If You're Expecting a Revolution, Expect Disappointment
The world wants to sell us the idea that all we need to succeed is one lucky event. One lucky event and your dreams come true, your problems are forever solved, and everything is perfect.
But life doesn't work that way. Those who expect an overnight revolution in their lives end up right back where they started—bitter and angry at the merciless world that placed so many obstacles on their path to a better life.
If you wish to make your dreams come true, instead of hoping for a revolution, prepare for an evolution—an arduous but fruitful everyday process of self-improvement. And for that, Everyday Evolution, a new release by bestselling author Martin Meadows, has you covered.
Here are some of the things you'll learn from this book:
- When dreaming is dangerous and how dreaming strategically can help you accomplish your goals rather than sabotage them.
- Five traps that stem from fixating on events which can jeopardize your goals and set you up for failure.
- An overlooked, crucial step that will help you overcome plateaus and enjoy sustainable, long-term success.
- Five tips to stay determined over the long term, including a morbid strategy inspired by Japanese movies and a method based on the findings of a relationships expert.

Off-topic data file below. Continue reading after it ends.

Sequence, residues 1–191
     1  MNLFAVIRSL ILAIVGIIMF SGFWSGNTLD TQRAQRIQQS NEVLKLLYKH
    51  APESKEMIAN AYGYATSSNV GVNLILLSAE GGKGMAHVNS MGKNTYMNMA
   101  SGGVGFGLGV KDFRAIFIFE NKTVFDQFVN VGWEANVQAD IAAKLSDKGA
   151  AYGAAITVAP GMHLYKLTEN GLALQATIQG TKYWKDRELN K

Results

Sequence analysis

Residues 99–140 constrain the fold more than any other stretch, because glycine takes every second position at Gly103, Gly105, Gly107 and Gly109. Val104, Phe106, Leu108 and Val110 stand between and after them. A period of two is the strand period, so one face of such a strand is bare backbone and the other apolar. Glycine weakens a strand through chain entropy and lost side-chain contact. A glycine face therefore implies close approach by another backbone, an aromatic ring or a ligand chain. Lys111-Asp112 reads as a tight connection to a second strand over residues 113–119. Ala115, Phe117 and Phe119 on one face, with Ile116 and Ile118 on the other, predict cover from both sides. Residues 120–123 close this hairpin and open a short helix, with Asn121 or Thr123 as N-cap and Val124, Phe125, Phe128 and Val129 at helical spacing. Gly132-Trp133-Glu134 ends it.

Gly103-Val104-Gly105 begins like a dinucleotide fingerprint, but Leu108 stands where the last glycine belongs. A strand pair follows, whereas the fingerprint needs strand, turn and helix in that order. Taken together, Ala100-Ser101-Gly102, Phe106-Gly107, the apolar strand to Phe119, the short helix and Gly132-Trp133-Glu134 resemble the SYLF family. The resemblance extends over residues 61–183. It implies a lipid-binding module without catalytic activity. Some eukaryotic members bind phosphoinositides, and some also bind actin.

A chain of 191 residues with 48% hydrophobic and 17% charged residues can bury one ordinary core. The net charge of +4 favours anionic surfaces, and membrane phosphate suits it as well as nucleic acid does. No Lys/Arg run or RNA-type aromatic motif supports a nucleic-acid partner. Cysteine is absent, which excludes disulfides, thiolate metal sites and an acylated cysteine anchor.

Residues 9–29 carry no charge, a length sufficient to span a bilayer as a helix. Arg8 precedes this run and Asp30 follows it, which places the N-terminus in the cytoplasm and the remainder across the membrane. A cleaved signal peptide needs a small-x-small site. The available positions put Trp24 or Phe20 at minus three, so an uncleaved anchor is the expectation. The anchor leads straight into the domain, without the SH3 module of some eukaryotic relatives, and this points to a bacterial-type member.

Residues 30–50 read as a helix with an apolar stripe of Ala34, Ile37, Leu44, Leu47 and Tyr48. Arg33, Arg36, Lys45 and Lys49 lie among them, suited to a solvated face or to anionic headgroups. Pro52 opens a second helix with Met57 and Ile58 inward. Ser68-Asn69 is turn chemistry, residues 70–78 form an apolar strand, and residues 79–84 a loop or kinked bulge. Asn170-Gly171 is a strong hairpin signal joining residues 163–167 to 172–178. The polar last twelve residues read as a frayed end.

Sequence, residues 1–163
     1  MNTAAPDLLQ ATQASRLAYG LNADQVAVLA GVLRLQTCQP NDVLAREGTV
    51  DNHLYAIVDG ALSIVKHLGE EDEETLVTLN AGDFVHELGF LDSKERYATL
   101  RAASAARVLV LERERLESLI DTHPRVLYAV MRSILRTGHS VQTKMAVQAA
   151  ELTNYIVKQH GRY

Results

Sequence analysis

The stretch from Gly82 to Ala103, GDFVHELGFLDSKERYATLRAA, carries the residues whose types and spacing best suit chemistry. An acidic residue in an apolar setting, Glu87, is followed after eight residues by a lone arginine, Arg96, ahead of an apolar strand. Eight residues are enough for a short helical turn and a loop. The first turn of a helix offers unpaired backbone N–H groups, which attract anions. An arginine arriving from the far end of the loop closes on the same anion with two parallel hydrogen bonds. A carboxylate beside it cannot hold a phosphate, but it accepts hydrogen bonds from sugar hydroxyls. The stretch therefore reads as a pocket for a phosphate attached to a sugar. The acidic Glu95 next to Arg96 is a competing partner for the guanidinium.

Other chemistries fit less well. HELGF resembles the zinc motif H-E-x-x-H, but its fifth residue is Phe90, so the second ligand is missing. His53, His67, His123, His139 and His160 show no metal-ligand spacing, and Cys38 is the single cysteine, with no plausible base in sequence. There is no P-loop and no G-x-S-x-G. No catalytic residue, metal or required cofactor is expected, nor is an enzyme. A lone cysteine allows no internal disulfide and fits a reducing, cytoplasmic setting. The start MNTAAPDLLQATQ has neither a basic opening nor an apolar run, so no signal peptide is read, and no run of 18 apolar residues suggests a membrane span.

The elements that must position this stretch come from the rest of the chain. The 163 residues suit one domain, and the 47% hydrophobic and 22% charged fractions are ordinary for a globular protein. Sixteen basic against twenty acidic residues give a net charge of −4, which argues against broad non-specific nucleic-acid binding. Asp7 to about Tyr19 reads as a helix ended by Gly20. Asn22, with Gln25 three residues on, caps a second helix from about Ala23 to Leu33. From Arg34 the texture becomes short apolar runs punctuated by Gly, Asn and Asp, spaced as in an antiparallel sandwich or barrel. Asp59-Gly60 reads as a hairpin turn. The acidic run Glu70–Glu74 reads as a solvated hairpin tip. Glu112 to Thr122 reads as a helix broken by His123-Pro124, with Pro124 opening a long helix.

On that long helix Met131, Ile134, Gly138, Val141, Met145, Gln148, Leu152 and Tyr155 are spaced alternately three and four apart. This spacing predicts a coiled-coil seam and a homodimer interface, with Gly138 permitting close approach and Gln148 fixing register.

- Six ways to improve yourself daily, including focusing on various important areas of your life that you might have not considered before.
Don't fall victim to the trap of event-obsessed thinking. Learn how to cultivate and enjoy a process-oriented outlook for consistent progress towards your goals. Buy the book now and begin a new chapter in your life.
Inside a Very Disciplined & Productive Mind
In his last book, Martin Meadows ties up loose ends to his sensational series of self-help books that have primarily focused on the ins and outs of acquiring the discipline to succeed in a variety of areas such as Exercise, Diet, Productivity and Entrepreneurship. Concentrating on what one needs to install for everyday progress, this books is a little more philosophical and psychological than his usual “how to” approach. If you are looking to get inside the mind of a very disciplined and productive person, hoping to becoeme one yourself, this is a good read. However, if you are looking for more straightforward strategies, I suggest checking out Meadows’ other excellent books.